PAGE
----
Some providers are struggling to maintain coverage for uninsured COVID care
GREENVILLE, NC (WNCT) — In late March, Congress failed to pass a bill that would continue to cover the cost of COVID-19 testing and vaccinations for uninsured patients. Now, local healthcare providers face a stark choice: either discontinue coverage or pay for it out of pocket.
The North Carolina Department of Health and Human Services said people will be able to access free testing from all department-sponsored testing sites as well as local health departments. Vaccinations will also continue to be free, but the loss of funding means the availability of these services could drop sharply.
“That funding has been cut, which means people can get charged up to $200 just for getting tested,” said Dr. Aaron Piramzadian, StarMed’s chief medical officer.
He said StarMed, which has local offices in Onslow County, will continue to provide free COVID care to uninsured people and absorb that cost. Piramzadian explained that the bill would have continued the Health Resources and Services Administration program, which covered the costs of COVID care for the uninsured, but it did not pass.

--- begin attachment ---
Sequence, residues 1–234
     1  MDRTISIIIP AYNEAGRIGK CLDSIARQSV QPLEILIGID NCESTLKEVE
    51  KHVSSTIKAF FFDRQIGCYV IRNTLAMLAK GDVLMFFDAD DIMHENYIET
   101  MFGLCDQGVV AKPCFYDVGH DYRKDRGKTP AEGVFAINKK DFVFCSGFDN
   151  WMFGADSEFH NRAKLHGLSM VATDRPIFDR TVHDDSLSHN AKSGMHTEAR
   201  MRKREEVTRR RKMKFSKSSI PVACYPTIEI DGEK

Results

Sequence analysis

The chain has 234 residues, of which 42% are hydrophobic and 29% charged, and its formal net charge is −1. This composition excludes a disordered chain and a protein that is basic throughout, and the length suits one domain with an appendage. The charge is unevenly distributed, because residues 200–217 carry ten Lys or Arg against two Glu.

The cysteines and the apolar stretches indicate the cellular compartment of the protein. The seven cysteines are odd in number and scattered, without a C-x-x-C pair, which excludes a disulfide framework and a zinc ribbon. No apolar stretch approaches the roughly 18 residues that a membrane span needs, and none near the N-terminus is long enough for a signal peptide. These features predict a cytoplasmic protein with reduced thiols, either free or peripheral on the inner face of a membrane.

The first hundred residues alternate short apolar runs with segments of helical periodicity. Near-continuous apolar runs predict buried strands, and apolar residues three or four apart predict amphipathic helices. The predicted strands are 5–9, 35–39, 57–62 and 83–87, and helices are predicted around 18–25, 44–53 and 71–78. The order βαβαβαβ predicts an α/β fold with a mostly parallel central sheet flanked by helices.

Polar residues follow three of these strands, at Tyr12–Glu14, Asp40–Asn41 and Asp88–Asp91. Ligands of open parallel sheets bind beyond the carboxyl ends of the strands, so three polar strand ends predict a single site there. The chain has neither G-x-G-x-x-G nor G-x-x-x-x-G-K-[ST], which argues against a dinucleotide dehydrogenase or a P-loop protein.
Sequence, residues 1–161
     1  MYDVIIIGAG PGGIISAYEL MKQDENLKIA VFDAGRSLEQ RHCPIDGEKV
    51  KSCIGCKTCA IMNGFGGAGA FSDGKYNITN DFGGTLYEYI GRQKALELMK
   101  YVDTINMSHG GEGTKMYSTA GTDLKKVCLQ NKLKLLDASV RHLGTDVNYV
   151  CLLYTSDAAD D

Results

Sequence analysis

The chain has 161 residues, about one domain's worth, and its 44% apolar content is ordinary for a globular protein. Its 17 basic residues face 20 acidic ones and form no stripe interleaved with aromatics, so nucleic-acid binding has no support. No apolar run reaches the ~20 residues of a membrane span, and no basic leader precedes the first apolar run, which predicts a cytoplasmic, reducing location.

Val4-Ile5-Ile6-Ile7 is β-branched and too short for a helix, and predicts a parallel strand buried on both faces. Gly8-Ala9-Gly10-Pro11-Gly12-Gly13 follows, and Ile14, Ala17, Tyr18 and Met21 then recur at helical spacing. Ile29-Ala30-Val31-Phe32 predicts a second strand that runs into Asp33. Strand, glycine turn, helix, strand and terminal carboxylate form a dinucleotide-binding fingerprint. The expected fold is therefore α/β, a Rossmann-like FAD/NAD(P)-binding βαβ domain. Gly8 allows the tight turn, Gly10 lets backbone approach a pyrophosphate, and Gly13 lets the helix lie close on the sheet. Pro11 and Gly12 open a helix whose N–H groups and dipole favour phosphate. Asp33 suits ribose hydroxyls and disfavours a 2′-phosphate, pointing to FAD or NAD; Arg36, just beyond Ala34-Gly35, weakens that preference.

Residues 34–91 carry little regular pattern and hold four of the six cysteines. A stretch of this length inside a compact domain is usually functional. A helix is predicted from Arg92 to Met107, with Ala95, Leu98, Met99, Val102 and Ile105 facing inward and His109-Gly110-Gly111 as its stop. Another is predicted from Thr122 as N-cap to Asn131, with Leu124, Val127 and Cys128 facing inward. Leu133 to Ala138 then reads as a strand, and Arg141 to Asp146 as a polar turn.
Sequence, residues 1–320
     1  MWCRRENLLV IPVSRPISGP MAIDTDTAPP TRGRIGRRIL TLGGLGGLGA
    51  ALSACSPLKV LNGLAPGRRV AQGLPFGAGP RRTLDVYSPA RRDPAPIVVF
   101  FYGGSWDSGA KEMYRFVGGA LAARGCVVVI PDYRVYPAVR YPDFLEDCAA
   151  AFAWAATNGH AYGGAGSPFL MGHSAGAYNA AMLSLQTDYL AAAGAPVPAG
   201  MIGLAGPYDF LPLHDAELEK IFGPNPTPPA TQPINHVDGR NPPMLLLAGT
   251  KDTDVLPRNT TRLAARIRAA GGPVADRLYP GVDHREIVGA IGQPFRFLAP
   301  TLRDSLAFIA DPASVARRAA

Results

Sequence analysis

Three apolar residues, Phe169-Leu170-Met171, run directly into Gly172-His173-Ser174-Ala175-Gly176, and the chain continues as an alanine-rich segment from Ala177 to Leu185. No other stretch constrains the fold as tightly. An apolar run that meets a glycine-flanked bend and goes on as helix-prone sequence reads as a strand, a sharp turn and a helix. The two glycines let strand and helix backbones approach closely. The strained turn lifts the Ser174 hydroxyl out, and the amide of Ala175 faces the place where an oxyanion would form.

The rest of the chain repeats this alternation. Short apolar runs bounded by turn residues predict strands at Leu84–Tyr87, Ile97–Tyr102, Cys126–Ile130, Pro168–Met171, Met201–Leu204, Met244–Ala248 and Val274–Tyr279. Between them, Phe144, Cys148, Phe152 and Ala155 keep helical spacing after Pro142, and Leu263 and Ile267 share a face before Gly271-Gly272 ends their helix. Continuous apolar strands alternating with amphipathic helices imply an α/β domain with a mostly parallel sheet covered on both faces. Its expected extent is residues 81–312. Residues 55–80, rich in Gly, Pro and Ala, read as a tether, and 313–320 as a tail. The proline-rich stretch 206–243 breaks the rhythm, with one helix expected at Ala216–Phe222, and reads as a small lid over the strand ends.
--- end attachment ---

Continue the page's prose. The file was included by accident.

“The Republicans wanted to take funding from the states themselves. The Democrats didn’t want the funding to come from the states, they want the funding to come from elsewhere. They are therefore not in agreement on the source of this money. Everyone knows we need funding. They are just trying to figure out where it should come from,” Piramzadian said.
He added that this is a huge concern as not all healthcare providers have the capacity to absorb this cost and COVID is not over.
“I expect a lot of places to stop treatments, in particular, and it’s going to be pretty bad because there’s another wave coming in the next two weeks. This is going to hit us pretty hard,” he said.
NCDHHS officials said they continue to advocate for federal funding, saying in a statement, “If Congress does not pass additional funding for COVID-19, the nation’s ability to prepare and continue to responding to COVID-19 will suffer.Federal funding is important so that the federal government can contract with test and vaccine manufacturers to produce the supply for the future.
Piramzadian said all of this means fewer healthcare facilities will have enough funds to provide tests and vaccines, which means plummeting availability and much longer queues.
He added that he hopes Congress can come to an agreement soon because it’s unclear how long healthcare providers will be able to absorb that cost.